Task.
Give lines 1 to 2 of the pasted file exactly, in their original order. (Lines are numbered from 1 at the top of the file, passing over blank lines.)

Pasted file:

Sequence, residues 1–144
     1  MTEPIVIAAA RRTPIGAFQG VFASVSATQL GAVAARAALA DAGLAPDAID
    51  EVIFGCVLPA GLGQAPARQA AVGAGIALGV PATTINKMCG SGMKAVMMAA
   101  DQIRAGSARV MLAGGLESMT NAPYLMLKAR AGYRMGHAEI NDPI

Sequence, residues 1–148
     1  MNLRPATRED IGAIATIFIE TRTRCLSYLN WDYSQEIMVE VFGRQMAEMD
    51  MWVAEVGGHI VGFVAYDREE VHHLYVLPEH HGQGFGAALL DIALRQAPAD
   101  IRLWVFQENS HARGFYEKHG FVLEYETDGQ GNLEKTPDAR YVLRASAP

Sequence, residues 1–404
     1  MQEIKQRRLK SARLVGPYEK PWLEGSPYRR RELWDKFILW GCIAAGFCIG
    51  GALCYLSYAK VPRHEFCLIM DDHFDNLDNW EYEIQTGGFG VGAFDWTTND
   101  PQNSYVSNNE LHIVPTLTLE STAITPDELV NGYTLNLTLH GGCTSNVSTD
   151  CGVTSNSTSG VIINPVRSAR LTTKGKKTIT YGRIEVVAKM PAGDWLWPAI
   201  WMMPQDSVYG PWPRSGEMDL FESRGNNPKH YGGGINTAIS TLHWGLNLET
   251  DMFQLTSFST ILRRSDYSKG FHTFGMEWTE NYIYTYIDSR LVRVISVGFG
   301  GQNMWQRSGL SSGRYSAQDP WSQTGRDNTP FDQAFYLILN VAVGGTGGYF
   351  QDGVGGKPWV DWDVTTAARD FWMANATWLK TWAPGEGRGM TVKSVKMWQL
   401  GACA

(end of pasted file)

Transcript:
Sequence, residues 1–144
     1  MTEPIVIAAA RRTPIGAFQG VFASVSATQL GAVAARAALA DAGLAPDAID